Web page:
The West End's Dominion Theatre is one of the largest in town — a soulless old barn of a place, but peculiarly well suited to rock shows. We Will Rock You, of course, had a 12 year run there — and was seen by over 6.5m people. (And Dave Clark's Time, with a succession of pop stars that included Cliff Richard and David Cassidy, played there in the 80s).
Now it is the turn for Jeff Wayne's The War of the Worlds, a rock version of the HG Wells story that was first released as a concept album in 1978 — the same year, incidentally, that Evita made its way from concept album to the stage as well — to finally reach the West End. A stage version has long been a touring staple to places like the Royal Albert Hall and arena stages around the country, with casts led by such stars as Jason Donovan, Russell Watson and Rhydian Roberts.
Now the Martians have landed at the Dominion — looking something like a cross between one of those Philippe Starck designed Alessi fruit juice squeezers and the helicopter from Miss Saigon — in this frequently spectacular musical stage adaptation of the famous HG Wells story. Bob Tomson's production spits fire — literally — so often that you fear for the safety of the theatre, never mind the cast.
It also offers a few more mellow moments when autumn leaves sprinkle from the ceiling all over the front stalls, but it is mostly a restless, relentless visual and aural assault. A huge onstage band — boisterously conducted live by Jeff Wayne himself — give heft to the music, with loud rock guitar riffs and wailing strings (an all-female line-up of 13 violinists). And a large ensemble cast are led by pop stars David Essex, Daniel Bedingfield and Heid Range, with theatre actors Michael Praed and Madelena Alberto providing even more substantial vocal heft.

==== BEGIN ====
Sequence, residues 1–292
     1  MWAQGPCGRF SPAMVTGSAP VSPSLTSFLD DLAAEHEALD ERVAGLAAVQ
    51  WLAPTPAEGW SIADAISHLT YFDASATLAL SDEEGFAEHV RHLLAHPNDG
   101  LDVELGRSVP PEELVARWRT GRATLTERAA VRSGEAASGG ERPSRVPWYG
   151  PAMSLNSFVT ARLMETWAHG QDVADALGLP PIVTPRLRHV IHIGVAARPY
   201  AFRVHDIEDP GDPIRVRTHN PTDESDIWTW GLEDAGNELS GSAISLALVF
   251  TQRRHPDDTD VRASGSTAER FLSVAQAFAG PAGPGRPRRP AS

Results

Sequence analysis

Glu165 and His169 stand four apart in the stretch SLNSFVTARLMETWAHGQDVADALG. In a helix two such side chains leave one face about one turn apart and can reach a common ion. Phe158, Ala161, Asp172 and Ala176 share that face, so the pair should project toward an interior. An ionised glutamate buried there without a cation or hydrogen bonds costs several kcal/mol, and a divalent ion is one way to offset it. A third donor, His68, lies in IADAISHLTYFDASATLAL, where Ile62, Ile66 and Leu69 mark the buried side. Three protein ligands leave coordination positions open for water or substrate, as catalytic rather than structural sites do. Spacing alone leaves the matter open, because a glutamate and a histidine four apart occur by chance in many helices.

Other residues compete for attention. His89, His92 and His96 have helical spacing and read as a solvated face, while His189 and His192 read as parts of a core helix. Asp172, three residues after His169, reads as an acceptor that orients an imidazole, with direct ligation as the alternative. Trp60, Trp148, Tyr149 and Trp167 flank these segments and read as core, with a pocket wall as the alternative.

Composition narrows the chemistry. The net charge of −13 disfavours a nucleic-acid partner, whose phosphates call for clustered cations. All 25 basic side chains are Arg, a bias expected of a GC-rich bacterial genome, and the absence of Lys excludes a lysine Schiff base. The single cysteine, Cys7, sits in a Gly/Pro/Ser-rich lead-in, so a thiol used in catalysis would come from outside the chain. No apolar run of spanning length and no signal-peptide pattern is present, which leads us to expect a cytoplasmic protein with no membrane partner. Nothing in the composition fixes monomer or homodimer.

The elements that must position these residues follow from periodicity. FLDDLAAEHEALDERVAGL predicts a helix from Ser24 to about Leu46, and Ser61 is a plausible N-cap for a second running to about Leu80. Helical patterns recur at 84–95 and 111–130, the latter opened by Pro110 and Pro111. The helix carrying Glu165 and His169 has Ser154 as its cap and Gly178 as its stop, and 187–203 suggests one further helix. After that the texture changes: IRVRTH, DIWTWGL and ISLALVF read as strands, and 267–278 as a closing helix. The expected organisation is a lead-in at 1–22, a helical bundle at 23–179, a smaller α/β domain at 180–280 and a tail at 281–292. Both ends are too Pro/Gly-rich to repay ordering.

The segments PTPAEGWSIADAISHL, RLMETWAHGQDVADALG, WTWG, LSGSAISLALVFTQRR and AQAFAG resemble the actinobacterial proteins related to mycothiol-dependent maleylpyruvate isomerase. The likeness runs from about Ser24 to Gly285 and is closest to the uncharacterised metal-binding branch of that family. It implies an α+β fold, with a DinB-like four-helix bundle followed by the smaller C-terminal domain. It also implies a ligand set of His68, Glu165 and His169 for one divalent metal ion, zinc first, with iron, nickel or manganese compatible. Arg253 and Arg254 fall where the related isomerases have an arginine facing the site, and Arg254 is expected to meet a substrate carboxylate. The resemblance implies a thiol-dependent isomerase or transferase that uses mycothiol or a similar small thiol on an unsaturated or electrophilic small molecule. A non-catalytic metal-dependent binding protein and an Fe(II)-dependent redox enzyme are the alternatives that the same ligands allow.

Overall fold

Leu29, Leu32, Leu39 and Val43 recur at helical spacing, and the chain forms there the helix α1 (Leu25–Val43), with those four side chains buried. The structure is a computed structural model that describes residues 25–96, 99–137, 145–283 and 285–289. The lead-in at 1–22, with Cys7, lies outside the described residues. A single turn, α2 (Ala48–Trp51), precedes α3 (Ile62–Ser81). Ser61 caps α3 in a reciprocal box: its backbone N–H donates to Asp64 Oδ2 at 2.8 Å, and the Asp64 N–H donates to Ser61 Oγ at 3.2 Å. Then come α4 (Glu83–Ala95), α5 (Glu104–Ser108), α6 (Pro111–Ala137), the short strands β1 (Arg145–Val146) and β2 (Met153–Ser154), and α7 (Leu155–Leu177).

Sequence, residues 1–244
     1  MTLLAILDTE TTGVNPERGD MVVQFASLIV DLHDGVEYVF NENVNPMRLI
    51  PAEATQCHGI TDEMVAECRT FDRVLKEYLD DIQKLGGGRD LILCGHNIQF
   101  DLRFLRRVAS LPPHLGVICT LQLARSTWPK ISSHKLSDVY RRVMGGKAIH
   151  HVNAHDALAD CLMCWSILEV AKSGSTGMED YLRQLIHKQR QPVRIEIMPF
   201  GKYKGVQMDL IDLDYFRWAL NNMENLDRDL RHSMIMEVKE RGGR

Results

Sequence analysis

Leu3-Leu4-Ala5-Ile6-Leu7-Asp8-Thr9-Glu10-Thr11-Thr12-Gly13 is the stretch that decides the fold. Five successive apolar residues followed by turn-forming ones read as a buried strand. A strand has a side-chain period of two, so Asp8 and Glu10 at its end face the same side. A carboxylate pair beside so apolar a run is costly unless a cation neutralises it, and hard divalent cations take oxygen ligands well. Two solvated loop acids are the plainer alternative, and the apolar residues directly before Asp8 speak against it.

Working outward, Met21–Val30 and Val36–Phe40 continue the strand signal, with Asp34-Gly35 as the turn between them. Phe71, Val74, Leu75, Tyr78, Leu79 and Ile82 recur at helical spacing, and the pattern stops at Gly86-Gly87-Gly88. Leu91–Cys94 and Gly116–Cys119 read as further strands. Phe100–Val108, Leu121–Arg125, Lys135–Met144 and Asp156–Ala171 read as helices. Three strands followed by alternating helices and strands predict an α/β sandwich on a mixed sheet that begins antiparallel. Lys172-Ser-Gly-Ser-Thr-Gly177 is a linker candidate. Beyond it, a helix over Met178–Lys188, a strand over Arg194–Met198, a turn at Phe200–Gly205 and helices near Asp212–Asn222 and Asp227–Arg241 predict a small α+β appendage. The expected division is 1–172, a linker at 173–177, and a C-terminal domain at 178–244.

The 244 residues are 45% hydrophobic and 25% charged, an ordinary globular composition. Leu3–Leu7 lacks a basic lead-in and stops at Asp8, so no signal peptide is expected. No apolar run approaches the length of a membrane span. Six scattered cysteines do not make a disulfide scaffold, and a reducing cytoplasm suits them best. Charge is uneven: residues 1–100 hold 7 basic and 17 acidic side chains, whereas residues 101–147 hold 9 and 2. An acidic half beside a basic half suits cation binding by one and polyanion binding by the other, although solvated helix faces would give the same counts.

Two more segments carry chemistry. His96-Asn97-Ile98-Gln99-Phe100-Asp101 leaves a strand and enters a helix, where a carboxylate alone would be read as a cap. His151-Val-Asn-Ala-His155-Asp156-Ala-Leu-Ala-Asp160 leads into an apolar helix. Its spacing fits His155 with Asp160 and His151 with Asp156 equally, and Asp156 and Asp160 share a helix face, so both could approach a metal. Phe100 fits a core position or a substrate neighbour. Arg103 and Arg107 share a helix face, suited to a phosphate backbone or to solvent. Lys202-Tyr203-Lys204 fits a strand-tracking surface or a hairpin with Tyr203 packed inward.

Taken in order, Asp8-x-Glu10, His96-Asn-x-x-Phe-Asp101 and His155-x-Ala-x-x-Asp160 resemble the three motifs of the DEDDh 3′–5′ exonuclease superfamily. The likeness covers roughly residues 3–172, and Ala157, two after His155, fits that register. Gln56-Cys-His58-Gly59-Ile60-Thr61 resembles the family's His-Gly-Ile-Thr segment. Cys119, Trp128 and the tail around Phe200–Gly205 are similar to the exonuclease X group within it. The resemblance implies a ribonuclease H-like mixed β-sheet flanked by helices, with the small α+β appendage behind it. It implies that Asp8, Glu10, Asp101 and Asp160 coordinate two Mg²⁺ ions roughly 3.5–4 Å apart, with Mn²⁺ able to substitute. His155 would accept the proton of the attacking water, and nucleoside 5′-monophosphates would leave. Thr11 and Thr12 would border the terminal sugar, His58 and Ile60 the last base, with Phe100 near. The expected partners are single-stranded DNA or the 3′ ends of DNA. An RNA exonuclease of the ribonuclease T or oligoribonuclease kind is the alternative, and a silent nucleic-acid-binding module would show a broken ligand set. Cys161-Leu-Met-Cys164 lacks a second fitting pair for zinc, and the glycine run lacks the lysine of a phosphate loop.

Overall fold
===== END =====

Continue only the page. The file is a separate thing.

As with Time, which featured a large hologram of Laurence Olivier, The War of the Worlds's biggest acting contribution comes from an actor who doesn't have to actually turn up night after night: Liam Neeson provides heavy duty narration on film, while Praed plays his younger self.
There's not much in the way of real drama, though, in the midst of the overriding spectacle, but — as with We Will Rock You — it is the music that the fans have come to hear and experience live. To that end, this succeeds triumphantly as a live pop pageant or pop video come to 3D life.
"its two big numbers reliably deliver – but the weakness of the venture is that it seems likely to make many theatregoers impatient to experience the novel or the Wayne recording instead."
Mark Lawson for The Guardian
"How do you solve the staging problems of The War of the Worlds? Issue it as a double album and let the listener do the rest."
Dominic Cavendish for The Telegraph
"Despite a few transfixing moments, this misconceived hybrid of concert and theatrical spectacle feels overblown and undercooked."
Henry Hitchings for The Evening Standard